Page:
The best bit of all is that the locking-in effect of the pair of antipodal points can easily be neutralised by making an additional rotation of 2Pi, so that the overall rotation is 4Pi. This is illustrated in the case of the Dirac Belt, where the twist of the belt is zero after a 4Pi rotation, so the belt is not physically sensitive to rotating its buckle by 4Pi. The reason that the antipodal locking-in effect goes away when you rotate by 4Pi (i.e. make two circuits along a diameter through the sphere in the video) is that there are now two pairs of locked-in antipodal points, which can separately be moved around inside (or on the surface of) the sphere in such a way that the overall length of the loop can be made to go to zero, i.e. equivalent to no path at all. This interesting manipulation is not illustrated in the video.

So the topology of the rotation group SO(3) (i.e. the group of rotations in 3-dimensional space) is non-trivial as shown in the video, and it has highly non-trivial physical consequences such as those illustrated by the Dirac Belt.

6 comments:

Anonymous said...

Can these ideas be used to establish the spin-statistics relationship in the non-relativistic domain, or does one truly need relativistic QFT to do this?

Stephen Luttrell said...

Although I didn't mention it in my posting because I wanted to give a purely geometric intuitive description, everything that I said is summarised in group representation theory, where the irreducible representations of the rotation group split into two families.

Each member of the 0,1,2,.. family maps to plus itself under 2Pi rotation, whereas each member of the 1/2,3/2,5/2,... family maps to minus itself under 2Pi rotation, and to plus itself under 4Pi rotation. I mentioned the 0 (scalar), 1 (vector), and 1/2 (Dirac Belt) representations in my posting.

Of course, these numbers 0, 1/2, 1, ... are what we normally call spin, so we can interpret the +/-1 factor under 2Pi rotation as symmetry/antisymmetry under exchange of a pair of particles, which is really a 2Pi rotation of the exchanged particles around each other. This is usually known as the spin-statistics theorem.

So, we get the spin-statistics theorem from group representation theory alone, which is a classical concept that has nothing whatsoever to do with relativity, quantum mechanics, or any physics at all.

I often hear people say that spin (especially spin-1/2) is a quantum mechanical and/or relativistic concept, but given my description above this is clearly not true.

1. What quantum mechanics gives you is a model in which the spin-1/2 group representation is applied to describing the real-world physics of an elementary particle.

2. What special relativity gives you is an extension of SO(3) to SO(3,1), which (loosely speaking) can be shown to contain two rotation groups, one for each of the two types of chiral object travelling at the speed of light.

I was planning to give intuitive visual descriptions of these and other concepts in future blog postings.

Anonymous said...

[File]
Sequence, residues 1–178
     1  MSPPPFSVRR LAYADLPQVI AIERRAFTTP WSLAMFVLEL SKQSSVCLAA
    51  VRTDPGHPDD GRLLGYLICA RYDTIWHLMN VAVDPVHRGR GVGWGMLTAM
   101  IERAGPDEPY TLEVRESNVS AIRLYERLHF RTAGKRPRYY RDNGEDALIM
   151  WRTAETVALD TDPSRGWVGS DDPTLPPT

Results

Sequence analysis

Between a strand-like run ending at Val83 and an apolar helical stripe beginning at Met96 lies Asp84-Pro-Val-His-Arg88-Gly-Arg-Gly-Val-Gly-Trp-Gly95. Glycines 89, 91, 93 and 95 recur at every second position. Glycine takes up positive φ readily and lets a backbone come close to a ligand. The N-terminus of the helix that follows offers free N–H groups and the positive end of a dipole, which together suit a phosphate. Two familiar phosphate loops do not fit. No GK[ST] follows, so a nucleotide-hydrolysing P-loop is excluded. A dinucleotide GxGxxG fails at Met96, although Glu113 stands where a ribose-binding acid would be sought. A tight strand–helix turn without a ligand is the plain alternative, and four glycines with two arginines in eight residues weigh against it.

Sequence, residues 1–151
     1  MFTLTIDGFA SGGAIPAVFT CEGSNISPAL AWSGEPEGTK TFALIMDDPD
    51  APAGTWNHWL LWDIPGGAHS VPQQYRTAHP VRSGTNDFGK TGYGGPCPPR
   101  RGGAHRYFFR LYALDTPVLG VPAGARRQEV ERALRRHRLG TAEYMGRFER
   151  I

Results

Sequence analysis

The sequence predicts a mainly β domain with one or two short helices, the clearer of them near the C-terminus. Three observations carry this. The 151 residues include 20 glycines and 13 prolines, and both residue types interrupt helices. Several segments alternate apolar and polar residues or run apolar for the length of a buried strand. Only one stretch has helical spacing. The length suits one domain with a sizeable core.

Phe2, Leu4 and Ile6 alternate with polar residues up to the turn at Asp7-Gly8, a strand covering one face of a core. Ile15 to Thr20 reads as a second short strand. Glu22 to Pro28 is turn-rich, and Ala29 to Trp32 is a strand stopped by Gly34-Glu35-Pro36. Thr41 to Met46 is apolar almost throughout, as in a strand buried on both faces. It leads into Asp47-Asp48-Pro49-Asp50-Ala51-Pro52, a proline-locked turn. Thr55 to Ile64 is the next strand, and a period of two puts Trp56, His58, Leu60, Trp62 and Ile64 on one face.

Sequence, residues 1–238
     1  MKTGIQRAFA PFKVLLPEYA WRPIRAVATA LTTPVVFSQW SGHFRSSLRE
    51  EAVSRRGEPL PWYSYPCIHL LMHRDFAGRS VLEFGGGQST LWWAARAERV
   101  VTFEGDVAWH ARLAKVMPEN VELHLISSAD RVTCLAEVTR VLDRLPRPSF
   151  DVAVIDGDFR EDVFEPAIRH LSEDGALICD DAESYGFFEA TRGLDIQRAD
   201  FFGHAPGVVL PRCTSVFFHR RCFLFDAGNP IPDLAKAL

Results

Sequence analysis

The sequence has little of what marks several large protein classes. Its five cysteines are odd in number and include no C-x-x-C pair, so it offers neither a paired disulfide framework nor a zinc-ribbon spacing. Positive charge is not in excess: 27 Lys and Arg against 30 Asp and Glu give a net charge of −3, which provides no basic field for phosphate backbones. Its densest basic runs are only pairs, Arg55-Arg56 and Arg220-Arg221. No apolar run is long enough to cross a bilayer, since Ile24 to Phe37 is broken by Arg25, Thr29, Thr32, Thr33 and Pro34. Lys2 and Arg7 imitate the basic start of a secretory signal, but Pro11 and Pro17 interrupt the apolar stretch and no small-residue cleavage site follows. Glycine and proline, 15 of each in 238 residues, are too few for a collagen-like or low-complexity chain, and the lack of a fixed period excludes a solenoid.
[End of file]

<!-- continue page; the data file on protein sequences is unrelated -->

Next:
John Baez gives a link to a sphere disappearing up its own annulus

http://video.google.com/videoplay?docid=-6626464599825291409

How closely is this related to the subject of this post?

Stephen Luttrell said...

I watched the video, and I can see that I have some way to go before I can create beautiful-looking videos.

The only point in the video where I thought things seemed to be getting close to the issues of SO(3) topology that I talked about was at around 13:50, and especially when a belt was then used to illustrate a stored 2Pi twist, which is what you get when you exchange the ends of the belt by rotating them by 2Pi past each other.

A belt is a standard way of illustrating a stored twist, so the similarity between its use in the video and the Dirac Belt that I mentioned in my posting about the rotation group SO(3) is not surprising.

So, there is an overlap but not a match between the video and the subject of my posting. Also, SO(3) topology is much easier to understand than turning a sphere inside out!

Anonymous said...

Steve,
Thanks for this. It's actually very useful for a project I'm doing at the moment on adiabatic computing. This appears to boil down to a group topology problem. I'm looking forward to your extension to SO(3,1) etc. that you promise in your comments. Are you going to extend any of this to the behaviour of the vector potential?

Stephen Luttrell said...

I will be extending this visualisation material to cover lots of different aspects of theoretical physics, but it is a long term (i.e. years) project using Mathematica, so don't hold your breath.

My main problem is to identify a small set of visualisation tools which are accessible to everyone, and which mutually dovetail together to form a coherent conceptual framework.

My main goal is to fill the explanatory gap that exists between (1) rigorous algebra, and (2) superficial journalistic descriptions. These are two completely different languages that have developed separately.

For simple physical phenomena that are within our everyday intuition it is easy to fill the gap between (1) and (2). However, for phenomena that are remote from everyday intuition, most (all?) people give up trying to fill this gap. This is where I hope to offer something that is both new and useful.

As for the vector potential, this will fall out automatically from visualisation of the U(1) gauge group, which is one of things that I will be covering.